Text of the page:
Thursday, November 19, 2009

Oxford medievalist wins Philip Leverhulme Prize

Dr Laura Ashe is one of three young academics from Oxford University that were awarded the prestigious Philip Leverhulme Prize worth £70,000.

The awards were given out to just 24 academics under the age of 36 who have ‘made a substantial and recognised contribution to their particular field of study, are recognised at an international level, and whose future contributions are held to be of correspondingly high promise’.

Dr Laura Ashe is in the English Faculty at Oxford University. Her research is focused on the literatures and culture of England, c.1000–1400. The long twelfth century, from the Norman Conquest to Magna Carta, was a time of development and change in political, legal and cultural spheres – but because its literature was in Latin and French, Dr Ashe says it has been excluded from English literary history.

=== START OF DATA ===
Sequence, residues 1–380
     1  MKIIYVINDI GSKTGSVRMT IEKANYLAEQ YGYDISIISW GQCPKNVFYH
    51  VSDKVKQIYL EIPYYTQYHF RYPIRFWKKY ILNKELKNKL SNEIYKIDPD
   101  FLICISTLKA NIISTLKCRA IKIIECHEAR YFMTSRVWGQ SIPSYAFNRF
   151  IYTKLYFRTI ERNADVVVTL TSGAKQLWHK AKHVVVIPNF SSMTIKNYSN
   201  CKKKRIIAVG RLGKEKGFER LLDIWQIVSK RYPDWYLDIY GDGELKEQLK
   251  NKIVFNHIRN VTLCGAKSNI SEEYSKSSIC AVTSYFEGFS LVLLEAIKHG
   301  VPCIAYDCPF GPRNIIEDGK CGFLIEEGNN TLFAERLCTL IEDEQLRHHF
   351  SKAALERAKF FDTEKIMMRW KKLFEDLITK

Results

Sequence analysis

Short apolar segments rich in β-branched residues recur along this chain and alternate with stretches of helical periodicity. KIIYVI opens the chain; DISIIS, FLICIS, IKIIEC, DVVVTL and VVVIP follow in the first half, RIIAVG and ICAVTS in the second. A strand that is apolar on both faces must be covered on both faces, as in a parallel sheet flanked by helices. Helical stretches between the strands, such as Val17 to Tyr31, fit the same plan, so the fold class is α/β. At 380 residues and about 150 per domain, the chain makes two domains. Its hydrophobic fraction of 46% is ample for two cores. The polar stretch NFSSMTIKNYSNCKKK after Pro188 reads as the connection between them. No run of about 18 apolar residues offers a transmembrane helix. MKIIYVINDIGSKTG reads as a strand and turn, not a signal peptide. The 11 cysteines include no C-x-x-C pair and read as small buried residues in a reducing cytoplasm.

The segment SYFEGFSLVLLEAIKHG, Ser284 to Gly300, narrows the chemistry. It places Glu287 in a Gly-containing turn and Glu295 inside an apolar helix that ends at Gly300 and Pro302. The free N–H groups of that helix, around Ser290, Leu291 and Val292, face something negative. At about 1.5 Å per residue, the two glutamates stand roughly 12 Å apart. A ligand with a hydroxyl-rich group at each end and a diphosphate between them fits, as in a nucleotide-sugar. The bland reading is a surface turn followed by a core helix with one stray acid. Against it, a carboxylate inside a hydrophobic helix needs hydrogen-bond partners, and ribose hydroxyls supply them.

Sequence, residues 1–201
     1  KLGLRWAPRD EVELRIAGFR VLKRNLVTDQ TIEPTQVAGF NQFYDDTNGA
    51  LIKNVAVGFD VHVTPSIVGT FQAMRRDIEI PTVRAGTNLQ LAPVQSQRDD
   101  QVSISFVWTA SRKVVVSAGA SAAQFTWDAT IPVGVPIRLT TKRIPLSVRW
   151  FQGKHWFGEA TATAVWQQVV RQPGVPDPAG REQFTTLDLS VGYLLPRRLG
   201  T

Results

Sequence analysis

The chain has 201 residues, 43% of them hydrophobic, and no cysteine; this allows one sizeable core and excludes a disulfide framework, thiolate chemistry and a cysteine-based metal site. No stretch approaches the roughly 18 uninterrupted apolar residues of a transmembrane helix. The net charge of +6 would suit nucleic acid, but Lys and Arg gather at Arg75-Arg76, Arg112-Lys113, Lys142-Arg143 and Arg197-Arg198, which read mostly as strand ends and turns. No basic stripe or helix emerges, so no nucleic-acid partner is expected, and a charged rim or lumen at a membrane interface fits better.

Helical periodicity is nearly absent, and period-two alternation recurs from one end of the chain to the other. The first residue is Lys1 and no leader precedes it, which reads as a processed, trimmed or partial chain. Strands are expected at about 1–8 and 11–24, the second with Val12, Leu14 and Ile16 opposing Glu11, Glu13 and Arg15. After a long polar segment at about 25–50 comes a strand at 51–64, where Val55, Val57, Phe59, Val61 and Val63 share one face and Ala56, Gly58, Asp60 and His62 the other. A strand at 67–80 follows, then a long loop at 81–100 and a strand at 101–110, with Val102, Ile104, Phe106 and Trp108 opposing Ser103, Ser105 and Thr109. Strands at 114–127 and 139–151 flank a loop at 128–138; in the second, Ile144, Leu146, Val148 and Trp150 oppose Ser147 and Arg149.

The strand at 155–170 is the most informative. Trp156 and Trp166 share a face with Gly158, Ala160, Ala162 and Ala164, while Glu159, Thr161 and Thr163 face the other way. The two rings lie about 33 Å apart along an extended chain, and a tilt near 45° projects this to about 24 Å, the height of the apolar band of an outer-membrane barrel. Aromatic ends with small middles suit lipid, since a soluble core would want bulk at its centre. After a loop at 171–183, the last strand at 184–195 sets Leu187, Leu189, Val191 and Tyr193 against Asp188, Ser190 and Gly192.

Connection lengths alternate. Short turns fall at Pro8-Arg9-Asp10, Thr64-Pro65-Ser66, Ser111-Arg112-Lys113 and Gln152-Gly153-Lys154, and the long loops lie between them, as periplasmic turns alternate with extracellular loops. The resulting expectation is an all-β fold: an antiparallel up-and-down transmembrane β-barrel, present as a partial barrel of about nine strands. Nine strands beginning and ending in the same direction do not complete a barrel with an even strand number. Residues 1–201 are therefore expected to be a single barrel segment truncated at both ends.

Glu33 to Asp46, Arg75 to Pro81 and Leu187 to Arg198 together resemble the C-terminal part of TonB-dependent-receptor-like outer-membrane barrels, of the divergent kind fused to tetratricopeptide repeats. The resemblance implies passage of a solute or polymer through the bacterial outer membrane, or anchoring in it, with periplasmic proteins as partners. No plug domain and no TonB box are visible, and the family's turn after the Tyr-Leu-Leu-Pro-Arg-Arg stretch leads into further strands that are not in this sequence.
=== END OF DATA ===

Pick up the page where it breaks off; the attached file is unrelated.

Her research is devoted to restoring this period to our understanding of English medieval literature, tracing the continuities, which bind Old English to post-Conquest literature, and Latin and French to later Middle English.

Dr Ashe will be taking her prize over two years, beginning in October next year. She said: ‘The prize is fantastic, I’m going to use most of it to buy out my college teaching for two years in order to work on a large book. I’ve been commissioned to write Oxford English Literary History volume I: 1000–1350, which I hope will contribute to this multilingual period’s being brought properly into the mainstream of English literary studies.’

Dr. Ashe's first book Fiction and History in England, 1066-1200is a study of the ideologies of national identity, the genres of romance and chronicle, and the colonial discourses of the English in medieval Ireland.